Over the years I have followed a procedure which I believe best represents the New Testament example of congregational rule. Simply stated, when I need counsel or have matters to discuss with the men, I call all the men of the church together and discuss the matter with them. Proverbs 15:22 says, "Without counsel purposes are disappointed: but in the multitude of counsellers they are established." I always make it very clear that what we are discussing will be brought before the whole church and properly discussed and voted on. In following this procedure, I am not promoting a special and unbiblical class of men in our church. I am showing equal respect for all of our men. Some might point out that in larger churches, it might be difficult to follow this procedure. My answer to that is twofold. First, if I follow this practice now while my church is small and solidly ground my people into understanding the biblical role of specially elected servants in the church, later they will not allow a group of deacons or anyone else to gain control or to usurp authority over the pastor or the congregation. Secondly, if the church becomes too large to call all the men together, I believe it would be advisable to appoint a committee to look into the particular situations to make recommendations with the pastor to the church. These committees could be elected annually, and their terms of service limited to ensuring that they would not become an unbiblical group. Their responsibilities should also be clearly defined and limited.
I have always made it a priority to teach what the Bible says concerning what God intended "deacons" to be to the church. Our "deacons" (servants) clean the church, do the yard work, cut the grass, do maintenance on the building, and work at handling the church's books, finances, clerical duties and other tasks. Those whom God has giving the talent of teaching can certainly be used in this position.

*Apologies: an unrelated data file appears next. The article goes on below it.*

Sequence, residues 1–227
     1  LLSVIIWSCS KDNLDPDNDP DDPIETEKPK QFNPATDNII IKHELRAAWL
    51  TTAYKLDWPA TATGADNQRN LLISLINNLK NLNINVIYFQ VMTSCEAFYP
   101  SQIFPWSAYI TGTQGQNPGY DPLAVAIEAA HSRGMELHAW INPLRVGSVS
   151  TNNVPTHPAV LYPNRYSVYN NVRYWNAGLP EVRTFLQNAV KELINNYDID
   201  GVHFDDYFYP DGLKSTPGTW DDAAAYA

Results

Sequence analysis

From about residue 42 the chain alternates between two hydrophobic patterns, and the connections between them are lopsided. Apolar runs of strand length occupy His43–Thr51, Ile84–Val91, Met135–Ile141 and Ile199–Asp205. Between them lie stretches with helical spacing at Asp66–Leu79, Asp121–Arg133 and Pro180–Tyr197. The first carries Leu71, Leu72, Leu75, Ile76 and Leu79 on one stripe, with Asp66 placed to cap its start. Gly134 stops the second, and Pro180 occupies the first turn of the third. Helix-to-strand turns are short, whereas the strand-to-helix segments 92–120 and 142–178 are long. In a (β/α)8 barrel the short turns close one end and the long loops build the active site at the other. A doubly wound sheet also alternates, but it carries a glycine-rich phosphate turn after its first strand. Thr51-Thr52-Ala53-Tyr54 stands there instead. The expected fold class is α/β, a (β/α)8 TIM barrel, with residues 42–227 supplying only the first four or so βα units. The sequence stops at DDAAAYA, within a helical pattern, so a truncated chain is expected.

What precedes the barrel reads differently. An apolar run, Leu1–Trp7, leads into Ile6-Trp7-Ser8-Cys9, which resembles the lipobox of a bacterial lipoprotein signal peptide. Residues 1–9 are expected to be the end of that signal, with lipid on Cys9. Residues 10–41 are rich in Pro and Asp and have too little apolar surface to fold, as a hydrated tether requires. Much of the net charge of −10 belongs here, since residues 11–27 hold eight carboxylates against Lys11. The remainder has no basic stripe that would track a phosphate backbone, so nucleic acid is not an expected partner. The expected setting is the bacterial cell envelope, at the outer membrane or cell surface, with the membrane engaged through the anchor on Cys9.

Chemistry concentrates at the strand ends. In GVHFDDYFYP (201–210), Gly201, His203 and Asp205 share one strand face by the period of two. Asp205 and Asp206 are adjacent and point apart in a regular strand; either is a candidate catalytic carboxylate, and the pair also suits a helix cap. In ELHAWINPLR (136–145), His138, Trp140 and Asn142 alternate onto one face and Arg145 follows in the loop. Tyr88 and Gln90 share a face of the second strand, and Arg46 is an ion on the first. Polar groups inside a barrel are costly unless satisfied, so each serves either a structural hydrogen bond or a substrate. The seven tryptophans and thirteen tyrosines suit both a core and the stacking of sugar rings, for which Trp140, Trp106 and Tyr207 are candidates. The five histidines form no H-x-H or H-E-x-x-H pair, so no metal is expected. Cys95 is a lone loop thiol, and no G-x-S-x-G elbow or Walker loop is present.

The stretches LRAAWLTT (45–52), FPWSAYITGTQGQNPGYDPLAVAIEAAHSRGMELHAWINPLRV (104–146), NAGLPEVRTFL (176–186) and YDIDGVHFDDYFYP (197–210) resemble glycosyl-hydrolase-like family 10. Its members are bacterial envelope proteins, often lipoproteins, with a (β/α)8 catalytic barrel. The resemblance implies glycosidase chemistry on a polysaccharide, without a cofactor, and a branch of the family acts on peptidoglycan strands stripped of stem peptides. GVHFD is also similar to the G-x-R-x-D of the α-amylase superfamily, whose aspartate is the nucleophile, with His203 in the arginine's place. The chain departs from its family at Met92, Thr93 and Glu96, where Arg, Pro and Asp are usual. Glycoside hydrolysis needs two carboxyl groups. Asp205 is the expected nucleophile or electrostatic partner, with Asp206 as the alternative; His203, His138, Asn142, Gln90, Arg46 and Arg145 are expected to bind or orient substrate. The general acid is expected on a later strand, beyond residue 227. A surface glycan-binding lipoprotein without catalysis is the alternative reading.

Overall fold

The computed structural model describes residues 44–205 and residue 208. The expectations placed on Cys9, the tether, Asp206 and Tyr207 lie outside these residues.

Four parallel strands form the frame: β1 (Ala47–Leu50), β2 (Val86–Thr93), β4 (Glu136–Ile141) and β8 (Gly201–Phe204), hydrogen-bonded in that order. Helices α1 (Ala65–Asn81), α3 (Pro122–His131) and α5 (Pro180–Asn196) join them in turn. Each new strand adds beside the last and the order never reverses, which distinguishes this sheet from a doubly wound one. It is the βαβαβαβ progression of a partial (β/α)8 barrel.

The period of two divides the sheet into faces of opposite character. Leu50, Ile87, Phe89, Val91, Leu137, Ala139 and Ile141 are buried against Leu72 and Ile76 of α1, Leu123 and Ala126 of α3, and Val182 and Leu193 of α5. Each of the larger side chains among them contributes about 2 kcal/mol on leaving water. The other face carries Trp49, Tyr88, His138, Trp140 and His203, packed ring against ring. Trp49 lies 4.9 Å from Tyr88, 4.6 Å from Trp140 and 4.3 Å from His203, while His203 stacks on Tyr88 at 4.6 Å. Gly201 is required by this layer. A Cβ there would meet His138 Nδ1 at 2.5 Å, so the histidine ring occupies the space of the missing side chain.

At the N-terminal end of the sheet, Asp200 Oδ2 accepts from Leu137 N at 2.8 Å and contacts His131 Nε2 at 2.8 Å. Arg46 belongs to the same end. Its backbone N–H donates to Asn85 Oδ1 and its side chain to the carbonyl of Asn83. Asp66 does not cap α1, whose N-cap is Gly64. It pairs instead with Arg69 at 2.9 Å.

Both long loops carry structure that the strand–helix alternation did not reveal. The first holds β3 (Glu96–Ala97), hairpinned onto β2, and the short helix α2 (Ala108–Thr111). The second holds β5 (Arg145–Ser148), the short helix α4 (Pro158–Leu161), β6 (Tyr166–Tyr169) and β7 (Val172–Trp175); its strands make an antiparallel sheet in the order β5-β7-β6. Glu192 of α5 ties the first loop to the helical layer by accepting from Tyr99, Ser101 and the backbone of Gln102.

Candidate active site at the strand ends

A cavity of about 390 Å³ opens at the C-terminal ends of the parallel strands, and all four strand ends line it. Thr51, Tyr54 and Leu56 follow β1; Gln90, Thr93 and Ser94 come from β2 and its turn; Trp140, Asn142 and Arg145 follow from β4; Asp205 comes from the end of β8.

One problem is that some churches appoint men to the position as a deacon for life. The church constitution should clearly set forth their duties and term of service. They should be elected annually and receive prior approval from the pastor who makes sure they meet all the biblical qualifications. The church constitution should have clear instructions for the election and for the removal of men who become disqualified to serve.
I do not want to belabor the point, but when a church finds itself without a pastor, often the deacons of a church are given the task of finding a new pastor for the church. I believe it is a better procedure for the outgoing pastor to instruct the church in calling a new pastor and by electing a temporary pulpit committee from the floor in a business meeting. These people would be instructed as to their duties and procedures. It will (should) be clear that they would function as the servants of the whole assembly, and once the new pastor is called and arrives; their services are terminated. This violates no scripture and does not elevate deacons to be responsible for hiring and firing pastors. It sets a bad precedent for a "board of deacons" to seek and present pastoral candidates to the church. Spiritual men would properly understand their responsibility; however, in many cases using deacons as a "pulpit committee" eventually ends with the "board" seeing themselves as the ones who "hire and fire" the pastor. The carnal nature of man concludes that if you can hire and fire the pastor, you have authority over him. Using a temporary pulpit committee, elected by the congregation from the assembly, precludes deacons assuming authority over the pastor that God does not give them. To read an email from a hurting church where deacons ruled, go to my Frequently Asked Questions about Deacons Page.